Winecraft Gold® (‘MINCOJAU3’) Smokebush was bred in France by Corinne Liquiere. The neat round leaves emerge in orange to chartreuse shades, maturing to lime green by mid summer. Cotinus coggygria Winecraft Gold® is crowned with greenish pink smoke-like inflorescences in early summer on old growth, so do not prune in spring. The habit is compact and the fall foliage is a clean yellow. Winecraft Gold® is more scorch resistant than earlier yellow cultivars.
The Velvet Fog® (‘SMNCCPP3’) Smokebush combines beautiful blue green foliage with a large production of reddish pink smoke-like flowers in mid summer. Cotinus The Velvet Fog® is an introduction from Tim Wood’s work at Spring Meadow™, chosen for its prolific, long-blooming qualities as well as its showy clean foliage. With its dense growth habit, the Velvet Fog® makes a good deer resistant hedge as well as an attractive specimen.
‘Emily McKenzie’ Montbretia is a wonderful iris relative with striking coral-orange flowers with red banding along its throat. As with all other Crocosmia, 'Emily McKenzie' should be planted deeper than typical or protected by extra mulch due to its winter hardiness, or lack thereof. Well worth the effort, your garden will be rewarded with wonderful bright oranges and reds from late spring through August.
Clusterhead Pinks is a Dianthus oddity hailing from the alpine regions of central and southeastern Europe. Like all Dianthus, D. carthusianorum prefers soil with sharp drainage but the brilliant pink flowers of this gem stand 2-3 feet above the foliage, not unlike one of our favorites Verbena bonariensis. Equally at home in a prairie or rock garden, this exciting Dianthus species deserves much more attention that it currently gets in the trade. It probably owes its name to the Catholic order of the Carthusians, who cultivated it early on in their monastery gardens and as medicinal plant.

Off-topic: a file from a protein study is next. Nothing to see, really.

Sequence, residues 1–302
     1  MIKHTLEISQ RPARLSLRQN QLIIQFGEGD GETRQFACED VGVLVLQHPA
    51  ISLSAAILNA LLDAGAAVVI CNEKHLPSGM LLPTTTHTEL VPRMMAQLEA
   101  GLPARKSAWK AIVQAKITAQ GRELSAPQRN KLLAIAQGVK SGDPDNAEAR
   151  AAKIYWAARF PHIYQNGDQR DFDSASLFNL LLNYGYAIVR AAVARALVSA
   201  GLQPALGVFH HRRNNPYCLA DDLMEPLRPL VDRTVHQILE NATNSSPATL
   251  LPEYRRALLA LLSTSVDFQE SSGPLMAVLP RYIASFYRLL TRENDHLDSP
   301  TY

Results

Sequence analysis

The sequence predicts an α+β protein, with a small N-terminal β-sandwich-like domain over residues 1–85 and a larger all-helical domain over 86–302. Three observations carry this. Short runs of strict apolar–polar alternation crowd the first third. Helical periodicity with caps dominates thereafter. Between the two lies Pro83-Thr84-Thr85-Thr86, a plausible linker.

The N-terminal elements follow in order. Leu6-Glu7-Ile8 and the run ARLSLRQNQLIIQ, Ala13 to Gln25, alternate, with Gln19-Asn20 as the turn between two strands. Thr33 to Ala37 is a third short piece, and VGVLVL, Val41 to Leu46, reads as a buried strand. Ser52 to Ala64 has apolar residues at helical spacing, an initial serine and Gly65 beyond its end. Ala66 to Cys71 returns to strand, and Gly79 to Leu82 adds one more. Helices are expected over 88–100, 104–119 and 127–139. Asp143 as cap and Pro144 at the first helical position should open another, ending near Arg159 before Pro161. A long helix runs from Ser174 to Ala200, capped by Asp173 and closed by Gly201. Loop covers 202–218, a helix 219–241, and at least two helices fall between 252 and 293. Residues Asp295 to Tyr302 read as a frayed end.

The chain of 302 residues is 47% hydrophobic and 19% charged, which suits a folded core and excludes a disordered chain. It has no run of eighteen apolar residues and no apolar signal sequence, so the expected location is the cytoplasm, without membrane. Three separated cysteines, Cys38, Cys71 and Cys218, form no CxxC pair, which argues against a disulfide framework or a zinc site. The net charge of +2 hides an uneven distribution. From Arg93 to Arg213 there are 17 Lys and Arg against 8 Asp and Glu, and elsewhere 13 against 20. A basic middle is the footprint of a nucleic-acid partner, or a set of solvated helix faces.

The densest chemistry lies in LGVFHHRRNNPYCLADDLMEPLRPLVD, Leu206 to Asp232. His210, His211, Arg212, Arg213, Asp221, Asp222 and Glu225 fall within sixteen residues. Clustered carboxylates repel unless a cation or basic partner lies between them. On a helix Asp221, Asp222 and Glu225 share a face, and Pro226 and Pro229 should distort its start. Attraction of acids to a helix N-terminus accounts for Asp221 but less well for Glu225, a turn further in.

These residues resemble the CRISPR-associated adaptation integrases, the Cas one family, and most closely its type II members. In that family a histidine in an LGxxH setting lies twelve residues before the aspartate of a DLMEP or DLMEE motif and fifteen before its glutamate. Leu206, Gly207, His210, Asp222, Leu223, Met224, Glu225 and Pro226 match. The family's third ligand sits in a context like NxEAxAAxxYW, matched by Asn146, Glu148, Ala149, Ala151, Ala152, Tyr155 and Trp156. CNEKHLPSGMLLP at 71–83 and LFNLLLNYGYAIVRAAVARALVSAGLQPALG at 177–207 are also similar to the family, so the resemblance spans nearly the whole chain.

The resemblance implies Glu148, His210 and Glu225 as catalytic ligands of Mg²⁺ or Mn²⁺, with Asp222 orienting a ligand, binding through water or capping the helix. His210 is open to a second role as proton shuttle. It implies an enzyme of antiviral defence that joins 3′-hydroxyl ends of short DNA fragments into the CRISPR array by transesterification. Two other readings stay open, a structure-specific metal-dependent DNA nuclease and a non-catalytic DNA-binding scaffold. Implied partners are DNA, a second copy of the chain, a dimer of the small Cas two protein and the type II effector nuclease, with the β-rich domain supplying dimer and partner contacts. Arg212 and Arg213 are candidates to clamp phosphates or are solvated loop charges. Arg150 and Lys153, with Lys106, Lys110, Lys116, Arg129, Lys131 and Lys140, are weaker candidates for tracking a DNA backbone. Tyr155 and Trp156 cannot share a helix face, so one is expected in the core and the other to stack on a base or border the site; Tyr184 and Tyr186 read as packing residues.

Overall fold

Kahori, meaning fragrant in Japanese, is a Cheddar Pinks that has been around for several years without the attention it truly deserves. A repeat bloomer from late spring through summer this Dianthus boasts deep pink flowers that just never know when to quit. Oh yeah, it’s also fragrant in case you were wondering! Low mounding, medium green foliage stays clean when other lesser Dianthus start to look ratty in the heat.
A wonderful improvement over the typical species, 'Valentine' Bleeding Heart produces deep red flowers as opposed to the soft pink of straight Dicentra spectabilis. The foliage is beautifully and deeply dissected and is accompanied by arching stems of stunning red flowers in late spring. Like the species, expect Dicentra spectabilis 'Valentine' to look like it has seen better days as the summer progresses so be sure to plant material around it that can mask its tired appearance.